California, Maine, Vermont and Washington have also “either moved or enacted abortion protections” in 2019, according to Elizabeth Nash, the senior state issues manager for the Guttmacher Institute, a nonprofit reproductive health research and policy organisation.
But across the country, more than 20 anti-abortion measures have been passed in 12 states in 2019 alone, according to the Guttmacher Institute.
In May, Alabama’s governor signed the most restrictive abortion law in the country, which bans abortions in nearly all cases, including rape and incest. Arkansas, Georgia, Kentucky, Louisiana, Mississippi, Missouri, North Dakota and Ohio have all passed abortion restrictions, as well.
Anti-abortion rights groups hope legal challenges to these bans will go all the way to the Supreme Court, which has a conservative majority after the swearing-in of Justice Brett Kavanaugh in October, and help overturn the landmark Roe v Wade decision, which legalised abortions.
Pro-abortion rights groups, including Planned Parenthood, warn this would mean a return to the days of unsafe, illegal abortions.
“Let me be clear – abortion rights are under attack like never before,” said Rachel Sussman, the national director of state policy and advocacy for the Planned Parenthood Action Fund.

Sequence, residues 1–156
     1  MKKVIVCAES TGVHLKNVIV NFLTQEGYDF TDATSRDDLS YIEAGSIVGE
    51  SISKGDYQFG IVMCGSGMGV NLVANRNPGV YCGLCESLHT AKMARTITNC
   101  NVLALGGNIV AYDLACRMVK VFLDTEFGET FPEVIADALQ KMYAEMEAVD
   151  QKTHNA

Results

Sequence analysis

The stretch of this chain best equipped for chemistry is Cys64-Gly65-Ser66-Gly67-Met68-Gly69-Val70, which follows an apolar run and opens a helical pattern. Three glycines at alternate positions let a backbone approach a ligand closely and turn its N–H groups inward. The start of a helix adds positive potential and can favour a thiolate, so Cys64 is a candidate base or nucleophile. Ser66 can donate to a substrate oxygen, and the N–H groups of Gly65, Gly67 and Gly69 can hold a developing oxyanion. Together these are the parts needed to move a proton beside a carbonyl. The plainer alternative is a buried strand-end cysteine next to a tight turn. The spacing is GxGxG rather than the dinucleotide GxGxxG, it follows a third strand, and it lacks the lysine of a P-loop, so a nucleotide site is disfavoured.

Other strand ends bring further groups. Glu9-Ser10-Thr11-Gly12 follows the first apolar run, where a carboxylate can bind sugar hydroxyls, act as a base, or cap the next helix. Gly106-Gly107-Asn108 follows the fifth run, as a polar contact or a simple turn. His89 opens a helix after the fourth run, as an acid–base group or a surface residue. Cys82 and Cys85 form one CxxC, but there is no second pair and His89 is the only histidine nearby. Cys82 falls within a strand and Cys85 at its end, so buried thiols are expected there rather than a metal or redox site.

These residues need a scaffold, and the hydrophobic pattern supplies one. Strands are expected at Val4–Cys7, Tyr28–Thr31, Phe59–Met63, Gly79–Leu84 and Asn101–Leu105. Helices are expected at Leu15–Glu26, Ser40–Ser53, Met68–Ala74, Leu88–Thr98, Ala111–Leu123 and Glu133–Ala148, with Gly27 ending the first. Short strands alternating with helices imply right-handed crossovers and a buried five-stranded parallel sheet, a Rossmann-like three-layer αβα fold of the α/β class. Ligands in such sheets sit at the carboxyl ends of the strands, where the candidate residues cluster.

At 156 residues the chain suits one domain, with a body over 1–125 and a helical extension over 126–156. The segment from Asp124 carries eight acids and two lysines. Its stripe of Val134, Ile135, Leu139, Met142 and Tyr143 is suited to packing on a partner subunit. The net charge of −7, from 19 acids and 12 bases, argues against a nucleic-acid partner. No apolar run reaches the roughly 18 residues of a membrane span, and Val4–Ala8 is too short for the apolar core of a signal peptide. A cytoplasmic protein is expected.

“With Trump in the White House and Kavanaugh on the Supreme Court, anti-abortion politicians are emboldened and they are pushing radical abortion bans in state after state. The motive behind these bans is clear – to overturn Roe vs Wade and make abortion inaccessible in this country,” she told Al Jazeera.
Without a constitutional right to abortion, women in states without abortion laws would be unable to access the procedure, or would have to travel across state lines to terminate a pregnancy.
But disparities in abortion access depending on where women live already exist because of state-level restrictions and clinic closures, Nash said.
“Abortion access is much more limited in the South, Midwest and the Plains compared to the West and the Northeast,” Nash added. “We have seen the number of abortion clinics decrease for decades. Particularly recently, in some states, the clinic closures have been the result of abortion restrictions. These states include Texas, Ohio, Tennessee, Virginia, Pennsylvania and Arizona.”
Disparities also already exist within states, Nash said.